Basic steps to prevent forklift accidents
The Occupational Safety and Health Administration (OSHA) reports that one of the most common cause of safety citations is the mishandling of a forklift. This extremely useful but dangerous machine accounts for many injuries and accidents every year. Here are some ways to reduce these incidents.
It may seem easy to use at first, but a forklift is much different than a car, truck, or other vehicle that operators may have driven before. Because a forklift carries heavy items and often operates indoors, it requires that those who drive it have been thoroughly trained and certified. This means that an experienced, certified forklift trainer must teach and certify all new forklift operators, with re-certification required every three years.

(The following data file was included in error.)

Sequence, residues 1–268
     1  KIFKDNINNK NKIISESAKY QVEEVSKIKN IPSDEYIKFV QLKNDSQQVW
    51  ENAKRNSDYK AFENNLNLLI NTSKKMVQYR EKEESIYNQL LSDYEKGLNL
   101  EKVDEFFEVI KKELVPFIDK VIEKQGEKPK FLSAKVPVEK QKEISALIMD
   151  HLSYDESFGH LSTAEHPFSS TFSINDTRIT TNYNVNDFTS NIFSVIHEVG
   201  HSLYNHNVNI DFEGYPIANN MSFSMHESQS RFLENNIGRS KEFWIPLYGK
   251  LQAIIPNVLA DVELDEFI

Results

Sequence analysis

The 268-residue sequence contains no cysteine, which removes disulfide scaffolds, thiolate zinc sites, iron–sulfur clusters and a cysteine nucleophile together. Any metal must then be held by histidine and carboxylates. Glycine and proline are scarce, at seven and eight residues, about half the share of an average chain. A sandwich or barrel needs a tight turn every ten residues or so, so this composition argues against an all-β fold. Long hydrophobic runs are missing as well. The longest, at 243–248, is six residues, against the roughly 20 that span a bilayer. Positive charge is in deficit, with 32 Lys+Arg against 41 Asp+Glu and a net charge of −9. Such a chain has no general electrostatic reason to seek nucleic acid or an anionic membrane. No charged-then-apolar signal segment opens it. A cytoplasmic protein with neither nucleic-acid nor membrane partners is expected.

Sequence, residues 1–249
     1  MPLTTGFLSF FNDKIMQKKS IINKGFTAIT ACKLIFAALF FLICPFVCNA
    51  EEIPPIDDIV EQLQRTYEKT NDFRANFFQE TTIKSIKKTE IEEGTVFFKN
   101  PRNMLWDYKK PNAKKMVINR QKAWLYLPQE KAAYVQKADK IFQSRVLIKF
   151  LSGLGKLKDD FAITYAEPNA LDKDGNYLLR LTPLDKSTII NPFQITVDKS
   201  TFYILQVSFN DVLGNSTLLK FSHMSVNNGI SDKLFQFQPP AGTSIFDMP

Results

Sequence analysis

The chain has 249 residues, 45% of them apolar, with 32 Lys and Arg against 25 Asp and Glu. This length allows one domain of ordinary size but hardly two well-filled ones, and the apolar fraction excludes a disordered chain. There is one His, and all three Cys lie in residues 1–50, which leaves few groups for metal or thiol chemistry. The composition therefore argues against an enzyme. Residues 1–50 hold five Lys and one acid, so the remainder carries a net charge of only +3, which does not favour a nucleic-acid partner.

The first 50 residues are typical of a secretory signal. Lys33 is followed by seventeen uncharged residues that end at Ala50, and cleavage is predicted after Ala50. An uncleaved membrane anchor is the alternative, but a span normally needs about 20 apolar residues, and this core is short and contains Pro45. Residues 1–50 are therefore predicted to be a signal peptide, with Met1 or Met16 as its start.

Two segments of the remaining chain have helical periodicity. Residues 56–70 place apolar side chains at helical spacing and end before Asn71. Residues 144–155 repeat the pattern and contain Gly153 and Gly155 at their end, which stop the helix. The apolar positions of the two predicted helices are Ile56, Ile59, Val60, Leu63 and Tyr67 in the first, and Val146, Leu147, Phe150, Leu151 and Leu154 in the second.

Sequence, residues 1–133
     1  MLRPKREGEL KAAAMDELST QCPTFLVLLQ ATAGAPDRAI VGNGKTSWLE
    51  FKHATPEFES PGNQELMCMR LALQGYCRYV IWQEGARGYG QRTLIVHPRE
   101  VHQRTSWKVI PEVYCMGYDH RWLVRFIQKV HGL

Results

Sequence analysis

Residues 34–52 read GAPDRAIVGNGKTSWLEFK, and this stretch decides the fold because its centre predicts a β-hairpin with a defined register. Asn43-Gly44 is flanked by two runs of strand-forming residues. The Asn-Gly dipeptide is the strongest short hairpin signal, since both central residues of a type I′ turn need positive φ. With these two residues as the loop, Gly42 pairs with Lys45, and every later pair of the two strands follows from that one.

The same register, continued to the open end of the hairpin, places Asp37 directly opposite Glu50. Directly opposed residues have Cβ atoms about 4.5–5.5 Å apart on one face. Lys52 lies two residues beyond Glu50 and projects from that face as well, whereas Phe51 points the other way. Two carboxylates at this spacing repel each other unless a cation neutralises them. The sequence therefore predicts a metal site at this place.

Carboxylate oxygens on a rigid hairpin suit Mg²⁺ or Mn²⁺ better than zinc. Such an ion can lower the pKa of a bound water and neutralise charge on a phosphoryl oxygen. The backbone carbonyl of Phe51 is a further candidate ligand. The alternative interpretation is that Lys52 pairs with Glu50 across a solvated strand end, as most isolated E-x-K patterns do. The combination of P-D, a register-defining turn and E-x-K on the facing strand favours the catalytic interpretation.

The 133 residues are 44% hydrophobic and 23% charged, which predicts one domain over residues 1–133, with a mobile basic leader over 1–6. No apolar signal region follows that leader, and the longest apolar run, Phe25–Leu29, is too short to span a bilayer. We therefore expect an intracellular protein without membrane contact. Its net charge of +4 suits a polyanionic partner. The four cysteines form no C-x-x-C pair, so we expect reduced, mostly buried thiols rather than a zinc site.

There is never any condition that warrants operating a forklift in excess of five miles per hour. Any speed faster than that is reckless and doesn't help to get work done any faster. The equipment and supplies that are usually found around forklifts can be knocked over and can easily injure workers.
Forklifts are like any other piece of heavy equipment - they require regular safety checks. All the parts of a forklift should be monitored regularly. In particular, tires need to be examined to make sure that they aren't cracked or damaged, and have the proper amount of air.
As with any other piece of machinery, the proper operation of a forklift involves the use of adequate safety products. OSHA and employer requirements for hard hats, work gloves, and goggles should be complied with.